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FASEB J. 2014 Jun;28(6):2566-76. doi: 10.1096/fj.13-249219. Epub 2014 Mar 5.

Overlapping dose responses of spermatogenic and extragonadal testosterone actions jeopardize the principle of hormonal male contraception.

Author information

1
Institute of Reproductive and Developmental Biology, Department of Surgery and Cancer, and.
2
Institute of Reproductive and Developmental Biology, Department of Surgery and Cancer, and Maria Sklodowska-Curie Memorial Cancer Center and Institute of Oncology, Gliwice, Poland;
3
Institute of Reproductive and Developmental Biology, Department of Surgery and Cancer, and Biochemistry Laboratory, Department of Zoology, School of Life Sciences, Ravenshaw University, Cuttack, India;
4
Biochemistry Department, University Hospital of South Manchester, Manchester, UK; and.
5
Department of Clinical Biochemistry, Imperial College Healthcare National Health Service Trust, Charing Cross Hospital, London, UK.
6
Department of Histopathology, Imperial College Healthcare National Health Service Trust, Imperial College London, Hammersmith Campus, London, UK;
7
Institute of Reproductive and Developmental Biology, Department of Surgery and Cancer, and ilpo.huhtaniemi@imperial.ac.uk.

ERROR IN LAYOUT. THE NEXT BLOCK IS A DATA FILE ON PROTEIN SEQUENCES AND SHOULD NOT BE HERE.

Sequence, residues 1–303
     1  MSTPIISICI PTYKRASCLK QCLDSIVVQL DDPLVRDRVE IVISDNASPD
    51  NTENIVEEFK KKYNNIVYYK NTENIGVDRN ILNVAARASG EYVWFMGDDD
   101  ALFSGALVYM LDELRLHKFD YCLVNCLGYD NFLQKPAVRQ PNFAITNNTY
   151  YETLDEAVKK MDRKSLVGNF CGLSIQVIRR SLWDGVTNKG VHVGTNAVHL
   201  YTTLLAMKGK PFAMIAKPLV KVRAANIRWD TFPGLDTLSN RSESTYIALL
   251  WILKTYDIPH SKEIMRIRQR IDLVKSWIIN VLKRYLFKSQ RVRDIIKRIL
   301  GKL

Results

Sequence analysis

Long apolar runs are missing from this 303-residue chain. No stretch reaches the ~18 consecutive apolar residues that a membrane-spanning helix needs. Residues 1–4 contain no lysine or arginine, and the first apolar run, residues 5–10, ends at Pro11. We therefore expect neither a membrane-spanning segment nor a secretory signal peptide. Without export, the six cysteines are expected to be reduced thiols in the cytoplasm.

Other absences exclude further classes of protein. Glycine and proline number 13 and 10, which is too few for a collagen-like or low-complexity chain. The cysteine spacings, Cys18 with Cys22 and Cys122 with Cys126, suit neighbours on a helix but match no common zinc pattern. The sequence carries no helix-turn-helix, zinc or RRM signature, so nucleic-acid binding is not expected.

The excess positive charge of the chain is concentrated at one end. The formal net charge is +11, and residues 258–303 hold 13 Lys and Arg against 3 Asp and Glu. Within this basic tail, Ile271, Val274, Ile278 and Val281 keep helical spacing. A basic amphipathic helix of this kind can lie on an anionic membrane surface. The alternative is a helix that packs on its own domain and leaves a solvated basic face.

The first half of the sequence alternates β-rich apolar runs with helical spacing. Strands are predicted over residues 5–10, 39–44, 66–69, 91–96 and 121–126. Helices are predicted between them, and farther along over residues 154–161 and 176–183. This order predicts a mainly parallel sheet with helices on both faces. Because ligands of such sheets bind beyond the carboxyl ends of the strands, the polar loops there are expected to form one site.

Abstract

Testosterone (T), alone or in combination with progestin, provides a promising approach to hormonal male contraception. Its principle relies on enhanced negative feedback of exogenous T to suppress gonadotropins, thereby blocking the testicular T production needed for spermatogenesis, while simultaneously maintaining the extragonadal androgen actions, such as potency and libido, to avoid hypogonadism. A serious drawback of the treatment is that a significant proportion of men do not reach azoospermia or severe oligozoospermia, commensurate with contraceptive efficacy. We tested here, using hypogonadal luteinizing hormone/choriongonadotropin receptor (LHCGR) knockout (LHR(-/-)) mice, the basic principle of the T-based male contraceptive method, that a specific T dose could maintain extragonadal androgen actions without simultaneously activating spermatogenesis. LHR(-/-) mice were treated with increasing T doses, and the responses of their spermatogenesis and extragonadal androgen actions (including gonadotropin suppression and sexual behavior) were assessed. Conspicuously, all dose responses to T were practically superimposable, and no dose of T could be defined that would maintain sexual function and suppress gonadotropins without simultaneously activating spermatogenesis. This finding, never addressed in clinical contraceptive trials, is not unexpected in light of the same androgen receptor mediating androgen actions in all organs. When extrapolated to humans, our findings may jeopardize the current approach to hormonal male contraception and call for more effective means of inhibiting intratesticular T production or action, to achieve consistent spermatogenic suppression.

KEYWORDS:

azoospermia; hypothalamic-pituitary-testicular axis; oligozoospermia

PMID:
24599970
PMCID:
PMC4376501
DOI:
10.1096/fj.13-249219
[Indexed for MEDLINE]
Free PMC Article
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